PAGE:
If you are scoring at home we just named 14 players that we think a case could be made for. But let's define "most improved". Is it actually for the player that improved the most? Or is it for the guy who was already pretty good but just was not getting the minutes? As you may have guessed, I like to see who actually improved their game. We can do that by looking at the efficiency per minute from one season to the next, and also by the defensive rating from one season to the next. 

Efficiency improvement from 2013-14 to 2014-15 

Whiteside DNP to .814 = +.814
Schroder .253 to .485 = +.232
Butler .366 to .555 = +.189
Gobert: .488 to .673 = +.185
Thompson .403 to .572 = +.169
Antetokounmpo .371 to .512 = +.141
Green .469 to .582 = +.113
Middleton .387 to .464 = +.077
Teague .500 to .573 = +.073
Motiejunas .409 to .471 = +.062
Turner .427 to .476 = +.049
Knight .459 to .498 = +.039
Oladipo .425 to .464 = +.039
Korver .417 to .441 = +.024

Defensive Rating improvement from 2013-14* to 2014-15

Knight 114 to 104 = +10
Antetokounmpo 110 to 101 = +9
Middleton 111 to 103 = +8
*Whiteside 102 (2011-12) to 96 = +6
Gobert: 104 to 98 = +6
Teague 109 to 104 = +5
Turner 109 to 104 = +5
Schroder 110 to 106 = +4
Thompson 106 to 103 = +3
Green 98 to 96 = +2
Korver 108 to 106 = +2
Motiejunas 106 to 105 = +1
Oladipo 106 to 108 = -2
Butler 100 to 105 = -5

Gobert's D is real. 
The fact that Jimmy Butler's defensive rating took a major hit as his offense improved is enough for me to rule him out in this, winner take all Most Improved Player award, race. Since Hassan Whiteside only played in 43 games this season it is difficult, in my way of thinking, to give him the nod over others who played a full season. ...Oladipo's defense actually took a step backward while he just gained a slight uptick in efficiency. Ultimately, Oladipo is out of consideration. Green has been brilliant this season and while his overall production is up significantly, we always thought he was good. He improved but mostly because his role was expanded. ...Knight, Motiejunas, Turner, Teague, Middleton, and Thompson all improved but cannot make the claim as MOST improved. There can only be one. For us, it really is a tight race between Schroder, Gobert, and the "Greek Freak" (Antetokounmpo). 

While Gobert and Schroder have unquestionably improved their play, we feel like Antetokounmpo made the biggest leap. As a rookie he often looked clueless at both ends of the floor. Now we see glimpses of a player that has a chance to excel as a two-way star in the league. By any measure, Antetokounmpo (age 20) already ranks in the top-tier of NBA small forwards. He improved his defensive rating by a full nine points (110 to 101) from 2013-14 to 2014-15. His per-minute efficiency improved dramatically with a better shot selection this season.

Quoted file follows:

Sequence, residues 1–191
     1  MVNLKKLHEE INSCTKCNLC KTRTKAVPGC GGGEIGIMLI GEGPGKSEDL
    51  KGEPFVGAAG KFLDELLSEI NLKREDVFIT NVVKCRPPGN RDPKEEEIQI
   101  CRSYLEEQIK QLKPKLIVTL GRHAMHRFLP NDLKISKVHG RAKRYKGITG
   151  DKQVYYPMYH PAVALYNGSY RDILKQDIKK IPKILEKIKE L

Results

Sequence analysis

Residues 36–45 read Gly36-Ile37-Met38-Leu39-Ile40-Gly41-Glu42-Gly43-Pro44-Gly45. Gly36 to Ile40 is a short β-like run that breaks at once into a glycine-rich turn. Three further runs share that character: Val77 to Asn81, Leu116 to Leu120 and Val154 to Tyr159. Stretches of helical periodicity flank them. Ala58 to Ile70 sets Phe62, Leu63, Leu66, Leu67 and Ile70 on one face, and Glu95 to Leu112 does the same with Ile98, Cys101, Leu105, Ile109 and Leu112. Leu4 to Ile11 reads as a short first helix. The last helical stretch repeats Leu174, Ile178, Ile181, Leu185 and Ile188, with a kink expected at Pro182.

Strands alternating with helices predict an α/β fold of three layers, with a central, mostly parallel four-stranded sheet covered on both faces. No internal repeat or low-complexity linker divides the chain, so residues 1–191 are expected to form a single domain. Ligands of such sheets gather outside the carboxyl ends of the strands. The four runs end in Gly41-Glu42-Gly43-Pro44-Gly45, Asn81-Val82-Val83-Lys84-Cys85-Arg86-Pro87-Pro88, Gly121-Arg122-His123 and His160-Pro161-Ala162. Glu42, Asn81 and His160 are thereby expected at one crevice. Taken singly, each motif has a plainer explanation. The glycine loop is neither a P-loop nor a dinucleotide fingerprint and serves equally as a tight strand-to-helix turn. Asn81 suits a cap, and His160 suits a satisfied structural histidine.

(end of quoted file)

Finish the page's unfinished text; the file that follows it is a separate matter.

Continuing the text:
Again, we think it is close, but in our opinion, it is Antetokounmpo by a vowel over fellow international ballers Gobert and Schroder for the 2014-15 NBA Most Improved Player.  

Friday, April 3, 2015

NBA Coach of the Year is...

Kerr's success surprised us. 
NBA Coach of the Year is a tough call. I think it really comes down to either Mike Budenholzer or Steve Kerr. I would listen to arguments in favor of Kevin McHale, Dwane Casey, David Blatt, Tom Thibodeau, Dave Joerger, and Terry Stotts. But ultimately, it comes down to Budenholzer or Kerr. 

The Atlanta Hawks overachieved and they did it without having a "superstar". Their record of 56-19 is the best in the Eastern Conference. A huge amount of credit, in our opinion, goes to Budenholzer, who from day one of training camp made it clear that he would ride with his veterans. We have always been a believer that who a coach does NOT play is as important as who he does play. Budenholzer has seemingly pulled all the right strings in Atlanta. 

Meanwhile, Steve Kerr has guided the Golden State Warriors to a franchise-best season. The "Dubs" are 61-13, the best record in the NBA. Kerr has a deep roster and possibly the league MVP in Stephen Curry. But Kerr deserves credit for getting David Lee, and Andre Iguodala to accept less minutes without any major distraction. The Warriors defense is ranked number one in defensive rating. Their offense is third offensive rating. Their average margin of victory of +10 is almost unheard of. For those reasons, and mostly because of the historic significance of the Warriors success this regular season, I am giving NBA Coach of the Year honors to Steve Kerr.   

The 2014-15 NBA Rookie of the Year is...

Noel should be the NBA R.o.Y.
Let's face it, this 2014-15 class of NBA rookies has been disappointing as a whole. In a league of grown men, the NBA rookie is lucky to get minutes on a good team. On a bad team, a rookie may find it easier to play extended time. This fact muddies the water when trying to sift out which rookie has been the league Rookie of the Year. In many cases, activity is confused for achievement. For franchises that are in rebuilding mode, the coach may be encouraged to play rookies as many minutes as they can handle.